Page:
Another of the many beautiful peonies blooming in the garden.



I really would love to know what the name of this rose is. To me it looks very much like 'Cl. Devoniensis', a Tea rose that I grow in a container in my own garden.



Here is a close-up of the blooms. Do you have any guesses?



Not only roses were thriving at Mottisfont Abbey, foxgloves loved it there as well.



I was so smitten by this white variety. It fits in everywhere and simply lighten things up in such an easy going way.



I think 'Climbing Lady Hillingdon', a Tea rose with large saturated yellow blooms, discovered by Elisha J. Hicks (United Kingdom, 1917) was one of the most elegant and impressive roses that we saw at Mottisfont Abbey Rose Gardens.



Here is a close-up of the blooms of  'Cl. Lady Hillingdon'. You can clearly recognize the typical drooping bloom form of Tea roses with the edges of the petals curling backwards. Unfortunately this flower shape is currently very much out of fashion, because many people prefer the upright Hybrid Tea flower shape as the ideal rose bloom form, but I truly hope, that Tea roses will have a comeback. Teas certainly have their very unique charm and beauty that deserves to be preserved and survive.



One more shot of this gorgeous specimen of  'Cl. Lady Hillingdon'. Same rose as above, but photographed from the other side.



Another rose that I had never hear off before I visited Mottisfont Abbey is 'Mrs. Paul', a light pink climbing Bourbon, bred by George Paul (United Kingdom, 1891). Not a vigorous rose in comparison to others at Mottisfont Abbey,..



...but the stunning large pale pink scalloped blooms make it totally worth growing.

If you are interested and want to view the previous posts that I have published about this garden, here are the links:

Mottisfont Abbey - a rose lover's paradise III
Mottisfont Abbey - a rose lover's paradise II
Mottisfont Abbey - a rose lover's paradise I

Since, as I said in the introduction to this post, my blog has just celebrated its fourth anniversary, I would like to take the chance and thank all of you my dear readers for visiting and also for all the kind comments that you have been leaving. They always make my day! I hope you will join me for another year of blogging. I am really looking forward to it!

See you in the garden!

Christina



32 comments:

  1. Happy annivesary! I really like the wall of roses! So beautiful garden. Thank you for sharing.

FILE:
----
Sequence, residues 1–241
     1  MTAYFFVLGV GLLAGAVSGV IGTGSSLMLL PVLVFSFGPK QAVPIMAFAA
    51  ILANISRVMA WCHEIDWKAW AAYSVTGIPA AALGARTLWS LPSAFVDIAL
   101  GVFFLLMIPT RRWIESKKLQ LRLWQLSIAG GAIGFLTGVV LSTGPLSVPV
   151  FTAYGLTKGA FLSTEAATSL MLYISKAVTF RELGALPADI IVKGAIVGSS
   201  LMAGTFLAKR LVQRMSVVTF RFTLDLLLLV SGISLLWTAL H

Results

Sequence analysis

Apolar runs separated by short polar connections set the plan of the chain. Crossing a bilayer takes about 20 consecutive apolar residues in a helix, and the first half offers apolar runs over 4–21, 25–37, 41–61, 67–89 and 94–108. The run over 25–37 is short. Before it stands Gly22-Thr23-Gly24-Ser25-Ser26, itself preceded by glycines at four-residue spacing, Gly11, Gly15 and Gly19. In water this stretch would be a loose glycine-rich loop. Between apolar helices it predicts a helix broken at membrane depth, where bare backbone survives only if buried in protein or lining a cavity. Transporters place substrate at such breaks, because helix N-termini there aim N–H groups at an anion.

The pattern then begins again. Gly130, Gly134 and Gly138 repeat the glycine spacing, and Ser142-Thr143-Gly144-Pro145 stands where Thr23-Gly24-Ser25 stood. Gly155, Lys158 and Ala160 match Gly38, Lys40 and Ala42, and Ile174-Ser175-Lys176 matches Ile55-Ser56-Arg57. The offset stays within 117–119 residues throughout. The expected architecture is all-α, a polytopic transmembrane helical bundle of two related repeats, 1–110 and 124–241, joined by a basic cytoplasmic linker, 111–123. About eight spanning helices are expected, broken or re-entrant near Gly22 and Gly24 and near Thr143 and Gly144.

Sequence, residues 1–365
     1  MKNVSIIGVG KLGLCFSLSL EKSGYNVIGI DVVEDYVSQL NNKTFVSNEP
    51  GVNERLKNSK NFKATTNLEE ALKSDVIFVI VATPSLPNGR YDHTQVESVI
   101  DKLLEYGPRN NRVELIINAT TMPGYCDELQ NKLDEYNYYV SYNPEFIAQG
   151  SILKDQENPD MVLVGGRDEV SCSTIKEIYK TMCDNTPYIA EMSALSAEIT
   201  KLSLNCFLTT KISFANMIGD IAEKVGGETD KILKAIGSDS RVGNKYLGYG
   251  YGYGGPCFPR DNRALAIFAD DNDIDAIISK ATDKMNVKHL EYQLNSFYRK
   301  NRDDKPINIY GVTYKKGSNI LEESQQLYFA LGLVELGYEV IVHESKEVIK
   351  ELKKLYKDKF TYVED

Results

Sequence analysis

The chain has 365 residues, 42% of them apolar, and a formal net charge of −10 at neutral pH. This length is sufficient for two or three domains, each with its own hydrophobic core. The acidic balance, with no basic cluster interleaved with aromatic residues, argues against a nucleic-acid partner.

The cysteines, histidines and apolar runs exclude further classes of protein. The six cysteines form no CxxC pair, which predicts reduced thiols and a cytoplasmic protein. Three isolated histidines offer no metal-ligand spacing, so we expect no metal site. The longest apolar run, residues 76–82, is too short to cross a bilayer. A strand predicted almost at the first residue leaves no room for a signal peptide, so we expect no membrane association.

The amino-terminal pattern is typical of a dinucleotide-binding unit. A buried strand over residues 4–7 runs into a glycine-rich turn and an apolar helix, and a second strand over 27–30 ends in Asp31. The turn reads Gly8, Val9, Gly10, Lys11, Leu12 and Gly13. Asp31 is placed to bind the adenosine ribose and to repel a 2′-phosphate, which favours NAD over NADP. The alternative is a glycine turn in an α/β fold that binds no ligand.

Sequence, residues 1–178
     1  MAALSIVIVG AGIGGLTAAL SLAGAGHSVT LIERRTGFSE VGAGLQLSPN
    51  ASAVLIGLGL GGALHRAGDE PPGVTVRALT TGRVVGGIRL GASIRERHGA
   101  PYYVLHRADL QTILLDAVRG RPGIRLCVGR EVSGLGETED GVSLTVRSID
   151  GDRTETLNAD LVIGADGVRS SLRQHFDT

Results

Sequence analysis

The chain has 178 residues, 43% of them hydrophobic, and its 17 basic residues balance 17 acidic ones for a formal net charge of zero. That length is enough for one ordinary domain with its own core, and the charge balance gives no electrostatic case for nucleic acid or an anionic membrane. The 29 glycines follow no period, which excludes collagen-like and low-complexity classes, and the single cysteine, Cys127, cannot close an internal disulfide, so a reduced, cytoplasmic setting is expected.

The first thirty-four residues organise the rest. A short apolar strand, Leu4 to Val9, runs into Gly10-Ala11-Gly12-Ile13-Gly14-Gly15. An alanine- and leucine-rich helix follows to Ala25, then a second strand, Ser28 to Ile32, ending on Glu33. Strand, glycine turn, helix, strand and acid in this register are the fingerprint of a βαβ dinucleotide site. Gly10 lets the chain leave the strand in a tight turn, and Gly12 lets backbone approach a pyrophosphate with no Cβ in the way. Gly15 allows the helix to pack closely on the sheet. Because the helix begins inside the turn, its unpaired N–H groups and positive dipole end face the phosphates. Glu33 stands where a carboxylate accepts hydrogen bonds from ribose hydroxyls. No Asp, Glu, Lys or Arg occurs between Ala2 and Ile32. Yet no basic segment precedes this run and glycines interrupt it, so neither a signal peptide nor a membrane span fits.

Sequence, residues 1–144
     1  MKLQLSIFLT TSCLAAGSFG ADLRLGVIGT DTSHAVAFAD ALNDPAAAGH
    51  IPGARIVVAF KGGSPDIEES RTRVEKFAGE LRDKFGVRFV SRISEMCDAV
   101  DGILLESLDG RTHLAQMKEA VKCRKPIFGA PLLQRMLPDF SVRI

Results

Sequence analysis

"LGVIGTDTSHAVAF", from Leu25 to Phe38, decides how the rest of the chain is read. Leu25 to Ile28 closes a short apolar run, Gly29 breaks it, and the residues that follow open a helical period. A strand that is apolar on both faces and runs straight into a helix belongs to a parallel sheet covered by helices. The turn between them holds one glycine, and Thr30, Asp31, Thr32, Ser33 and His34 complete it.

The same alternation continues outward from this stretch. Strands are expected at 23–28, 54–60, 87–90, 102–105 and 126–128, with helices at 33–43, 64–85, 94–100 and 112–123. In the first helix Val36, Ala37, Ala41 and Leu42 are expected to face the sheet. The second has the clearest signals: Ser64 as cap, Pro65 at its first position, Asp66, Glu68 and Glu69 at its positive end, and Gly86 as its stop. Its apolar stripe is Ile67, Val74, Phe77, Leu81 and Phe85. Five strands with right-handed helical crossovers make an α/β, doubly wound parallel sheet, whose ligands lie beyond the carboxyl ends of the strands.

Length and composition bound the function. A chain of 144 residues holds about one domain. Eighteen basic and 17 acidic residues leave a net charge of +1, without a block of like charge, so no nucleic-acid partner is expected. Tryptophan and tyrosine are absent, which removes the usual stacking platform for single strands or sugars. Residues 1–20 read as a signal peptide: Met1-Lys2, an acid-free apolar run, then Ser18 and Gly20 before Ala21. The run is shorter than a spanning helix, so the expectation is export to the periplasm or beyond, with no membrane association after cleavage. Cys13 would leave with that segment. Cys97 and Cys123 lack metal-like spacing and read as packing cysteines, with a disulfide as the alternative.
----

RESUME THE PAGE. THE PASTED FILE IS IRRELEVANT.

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  2. Happy Anniversary Christina!
    Planting perennials alongside roses enhances the beauty of both. I haven't been to Mottisfont yet, but it is definitely on my list for this year.

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  3. I can clearly see why you love this garden Christina, it's a very pretty and charming English garden! Happy Blog Anniversary and looking forward to following you on your future adventures :)

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  4. Happy 4th bogging anniversary dear Christina. I always enjoy visiting your blog. This was another wonderful post of this beautiful rose garden. Thank you for sharing. I've added two more roses to my wish list because of this post. Celine Forestier and Lady Hillingdon. :-)

    Have a wonderful week there in your own lovely rose filled gardens ~ FlowerLady

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  5. Tu as l'art et la manière de nous offrir des reportages exquis sur les beaux jardins que tu visites. Je me souviens des premiers reportages avec toutes ces roses alléchantes et délicieuses dont nous sommes toi et moi si friandes. Je souhaite à ton blog un bel anniversaire, 4 ans c'est le bel âge. J'espère que je lirai encore et toujours les belles aventures de ton jardin.
    Belle soirée

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  6. Liebe Christina,

    da gratuliere ich ganz herzlich zum 4. Bloggeburtstag - und was würde besser passen, als ein Bericht über diese tolle Gartenanlage mit den vielen Königinnen der Blumen!
    Mein absoluter Favorit ist die namenlose Schönheit mit den burgunderfarbenen Streifen - die ist einfach traumhaft schön.
    Ich freue mich auf ein weiteres Bloggerjahr mit Dir und Deine traumhaften Rosenbilder, ja und wenn Dein Familienzuwachs auch mal im Bild ist, freut es mich umso mehr :-))

    Liebe Grüße
    Ingrid